The Lady In Grey. 12th January


2.24m up 24cm from yesterday

Hunting round for some envelopes I bought before Christmas I ventured into one of the front cupboards this morning. Here we store Christmas, the white sheets from the summer, spare covid tests and extra wine glasses. I noticed that a corner of the wine glass box was wet. This was on the bottom shelf.

Had the damp trap in the cupboard filled up and over flowed? I’d refilled it with crystals not very long ago and today it was still empty. As I removed things from the cupboard I found a small puddle that had been sucked under a plastic bag on the middle shelf. At the rear of the cupboard it looked like moisture had been getting in at the corner, the holes for the shelf brackets showed signs of damp too.

Getting a good airing

Everything was removed, including the shelves. Dampness mopped up and then we set the heat wave fan blowing at it to help dry it out. Just where was it coming from, or was it condensation collecting in a far corner from the stove? With the recent downpours it could be rain water that had been driven in by the wind. Mick ventured outside to have a look.

Yes I know the roof needs a good wash!

First possible was the starboard nav light, although this was a touch low on the cabin side. It was however half full of water. Mick emptied it, dried it off then reattached it adding a new layer of black tack to the outer edge to help seal it. After he’d tightened the screws he popped a drop or two of Captain Tully’s Creeping Crack on them. The port side nav light was also emptied of water.

Could it be coming from the poppers from the cratch? Some of these are on the overhang, so unlikely to be them. Another couple are quite high up on the cabin side. They also got a drop of the creeping crack. The cupboard was left airing with the fan on or the rest of the day until we needed the space to go back to bed. The contents were edited and then returned to the cupboard, hopefully there will be more air in there this time.

The Lady in Grey

This afternoon I headed out for a walk down to Derwent Mouth Lock to see what the levels looked like today. I took the route by road to start with and walked past The Lady in Grey.

Back in it’s day

The house was built in the 1770’s for the Soresby family who moved to Shardlow when the canal was proposed. Their land spanned the cut giving them two areas for wharfs and warehouses for their canal carrying business (More info on the Soresby family can be found here on the Shardlow Heritage site, which is filled with information on the area).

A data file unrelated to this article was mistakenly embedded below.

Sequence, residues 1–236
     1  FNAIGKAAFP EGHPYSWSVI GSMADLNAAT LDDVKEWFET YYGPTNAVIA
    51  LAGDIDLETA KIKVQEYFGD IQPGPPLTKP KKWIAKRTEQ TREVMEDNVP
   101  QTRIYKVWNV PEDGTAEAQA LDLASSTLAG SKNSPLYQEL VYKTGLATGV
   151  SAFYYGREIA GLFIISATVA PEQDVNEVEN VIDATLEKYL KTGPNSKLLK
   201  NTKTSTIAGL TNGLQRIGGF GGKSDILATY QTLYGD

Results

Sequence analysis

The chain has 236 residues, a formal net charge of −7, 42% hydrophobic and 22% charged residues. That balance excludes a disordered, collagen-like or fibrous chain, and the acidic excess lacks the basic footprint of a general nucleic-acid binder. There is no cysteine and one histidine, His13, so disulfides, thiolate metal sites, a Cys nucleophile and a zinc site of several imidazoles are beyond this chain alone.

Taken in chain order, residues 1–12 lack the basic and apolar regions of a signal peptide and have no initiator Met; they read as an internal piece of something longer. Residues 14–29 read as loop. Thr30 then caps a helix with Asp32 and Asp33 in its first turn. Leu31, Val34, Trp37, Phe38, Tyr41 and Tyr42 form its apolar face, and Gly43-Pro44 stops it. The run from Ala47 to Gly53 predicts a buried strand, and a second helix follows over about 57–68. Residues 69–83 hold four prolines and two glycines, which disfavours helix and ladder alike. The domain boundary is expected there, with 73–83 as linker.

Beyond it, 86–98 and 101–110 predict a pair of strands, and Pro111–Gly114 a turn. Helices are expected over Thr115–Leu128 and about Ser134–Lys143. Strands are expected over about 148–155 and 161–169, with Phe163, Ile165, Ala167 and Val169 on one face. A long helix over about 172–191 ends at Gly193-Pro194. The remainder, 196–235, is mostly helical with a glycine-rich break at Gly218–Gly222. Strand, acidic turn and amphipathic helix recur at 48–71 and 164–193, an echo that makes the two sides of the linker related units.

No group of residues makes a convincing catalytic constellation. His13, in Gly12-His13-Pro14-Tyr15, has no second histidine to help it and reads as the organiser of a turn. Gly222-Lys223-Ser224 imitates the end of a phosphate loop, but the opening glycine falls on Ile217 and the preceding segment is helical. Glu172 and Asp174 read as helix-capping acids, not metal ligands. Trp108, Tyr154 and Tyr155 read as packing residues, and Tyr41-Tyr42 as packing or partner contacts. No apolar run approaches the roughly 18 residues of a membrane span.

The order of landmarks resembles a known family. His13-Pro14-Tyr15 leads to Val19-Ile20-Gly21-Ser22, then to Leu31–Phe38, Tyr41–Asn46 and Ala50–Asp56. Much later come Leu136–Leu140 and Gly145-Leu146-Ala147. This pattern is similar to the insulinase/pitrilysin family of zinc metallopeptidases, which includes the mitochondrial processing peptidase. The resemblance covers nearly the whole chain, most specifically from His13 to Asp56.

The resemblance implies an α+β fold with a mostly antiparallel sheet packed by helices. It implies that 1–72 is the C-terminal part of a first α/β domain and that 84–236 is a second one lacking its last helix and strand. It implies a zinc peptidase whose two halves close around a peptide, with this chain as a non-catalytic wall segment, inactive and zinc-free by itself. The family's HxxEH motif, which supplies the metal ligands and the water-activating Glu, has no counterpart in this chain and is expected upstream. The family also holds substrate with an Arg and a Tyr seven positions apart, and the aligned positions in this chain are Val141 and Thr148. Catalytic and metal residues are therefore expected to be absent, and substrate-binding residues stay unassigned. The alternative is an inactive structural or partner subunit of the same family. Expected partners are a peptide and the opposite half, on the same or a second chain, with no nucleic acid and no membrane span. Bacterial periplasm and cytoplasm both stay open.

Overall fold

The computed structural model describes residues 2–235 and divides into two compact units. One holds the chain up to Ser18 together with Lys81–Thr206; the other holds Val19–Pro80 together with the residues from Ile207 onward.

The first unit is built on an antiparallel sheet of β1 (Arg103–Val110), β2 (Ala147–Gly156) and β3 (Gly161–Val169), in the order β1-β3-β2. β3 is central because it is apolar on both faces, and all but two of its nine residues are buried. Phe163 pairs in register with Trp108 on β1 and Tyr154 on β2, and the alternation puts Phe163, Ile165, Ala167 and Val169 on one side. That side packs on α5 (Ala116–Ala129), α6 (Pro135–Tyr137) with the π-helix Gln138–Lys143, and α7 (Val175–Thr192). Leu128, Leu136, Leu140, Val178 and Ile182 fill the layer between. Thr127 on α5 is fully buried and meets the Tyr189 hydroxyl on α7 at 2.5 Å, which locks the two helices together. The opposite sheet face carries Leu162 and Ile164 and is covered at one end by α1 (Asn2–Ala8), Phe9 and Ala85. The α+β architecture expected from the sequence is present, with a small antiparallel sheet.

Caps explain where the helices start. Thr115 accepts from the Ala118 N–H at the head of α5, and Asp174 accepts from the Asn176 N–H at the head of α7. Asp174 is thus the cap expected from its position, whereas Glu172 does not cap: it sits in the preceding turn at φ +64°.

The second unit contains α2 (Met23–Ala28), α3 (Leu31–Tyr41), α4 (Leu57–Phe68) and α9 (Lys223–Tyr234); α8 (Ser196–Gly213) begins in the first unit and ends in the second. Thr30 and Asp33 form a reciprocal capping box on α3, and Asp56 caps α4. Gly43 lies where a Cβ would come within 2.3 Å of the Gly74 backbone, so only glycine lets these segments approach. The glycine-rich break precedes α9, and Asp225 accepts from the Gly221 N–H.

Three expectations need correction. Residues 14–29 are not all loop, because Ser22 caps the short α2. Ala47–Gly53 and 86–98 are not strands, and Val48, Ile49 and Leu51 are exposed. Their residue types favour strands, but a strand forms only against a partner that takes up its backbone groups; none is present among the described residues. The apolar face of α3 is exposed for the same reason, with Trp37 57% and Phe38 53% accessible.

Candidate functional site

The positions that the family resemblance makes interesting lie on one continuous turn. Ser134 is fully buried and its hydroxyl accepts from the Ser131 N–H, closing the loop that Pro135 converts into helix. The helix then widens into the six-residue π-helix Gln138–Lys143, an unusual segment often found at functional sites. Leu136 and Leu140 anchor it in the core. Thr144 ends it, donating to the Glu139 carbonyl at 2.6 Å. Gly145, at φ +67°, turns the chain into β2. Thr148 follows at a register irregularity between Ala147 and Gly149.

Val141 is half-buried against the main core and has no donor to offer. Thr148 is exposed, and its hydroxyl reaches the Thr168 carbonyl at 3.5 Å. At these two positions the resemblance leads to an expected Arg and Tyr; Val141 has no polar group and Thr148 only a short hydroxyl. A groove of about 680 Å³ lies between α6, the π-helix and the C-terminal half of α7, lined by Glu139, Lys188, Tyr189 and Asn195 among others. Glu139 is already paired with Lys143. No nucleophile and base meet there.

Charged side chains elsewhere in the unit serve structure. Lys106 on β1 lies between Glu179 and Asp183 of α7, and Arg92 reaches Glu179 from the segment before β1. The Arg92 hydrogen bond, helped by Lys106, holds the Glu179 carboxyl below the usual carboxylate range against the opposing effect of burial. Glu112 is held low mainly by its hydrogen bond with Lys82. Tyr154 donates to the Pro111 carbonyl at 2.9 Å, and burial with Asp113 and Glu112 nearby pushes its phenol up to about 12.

When it was the hotel and restaurant

The Lodge was transformed into a Hotel The Lady in Grey with it’s restaurant it was highly regarded. The name came from the ghost of a headless young lady said to be hunting for her mothers lost jewels that her wicked sisters had hidden. Then it was a Thai restaurant which closed in 2008, this sadly was when the decline of the building is thought to have started. In 1967 it was awarded Grade 2 listing. In 2012 it is said that planning was sought for the buildings demolition and the site to be used to build three houses, this was refused. 2015 it received listed buildings consent for change of use back to a single dwelling with 5 bedrooms, things were looking up. However permission was refused to build eight dwellings in the grounds alongside the canal. Most probably the proceeds from these new dwellings would have afforded the restoration of The Lady in Grey.

The building is now in a poor state, the council seeking action from the owners, a s215 notice has been served on them requiring them to deal with the poor quality of the building. Such a shame. Most of the windows are smashed, wooden boards cover many of them. Photos from the local facebook page show the interior in such a dilapidated state. Here’s hoping that this once handsome house can be saved before it falls down.

Photos on the left are from yesterday, right today.

The towpath to Derwent Lock is now very muddy, slippy slidy muddy. The lock remains empty, well empty to the level of the river. I guessed about 14 inches lower than the canal today. The lock landing is now under water the edge of the river only noticeable by the tops of the ladders. The red level markers, one now is no longer visible, the other only a few inches away from being submerged.

Flooded fields

The parallel path that runs a little bit lower than the towpath is now submerged for lengths. I walked along it for a while relieved to be off the muddy towpath, only to find another length submerged and having to back track to the towpath. Two new boats sit above the lock awaiting levels to drop and there is one space available in front of the pubs.

Overnight the levels are forecast to rise more. Will the car park by our mooring get flooded? Will the EA flood gates be closed on the canal, if this happens we’ve been told that Shardlow Lock will be padlocked and it’s bywash blocked off too to protect the properties in between.

One day it will stop raining.

0 locks, 0 miles, 1 more leak or is it condensation? 2 drowning nav lights, 1 house with great potential, 1 more lodger booked, 1 hour of numbers for next year, 11 Dreamies, 9 inches, 14 to go, 1 vat of bolognaise.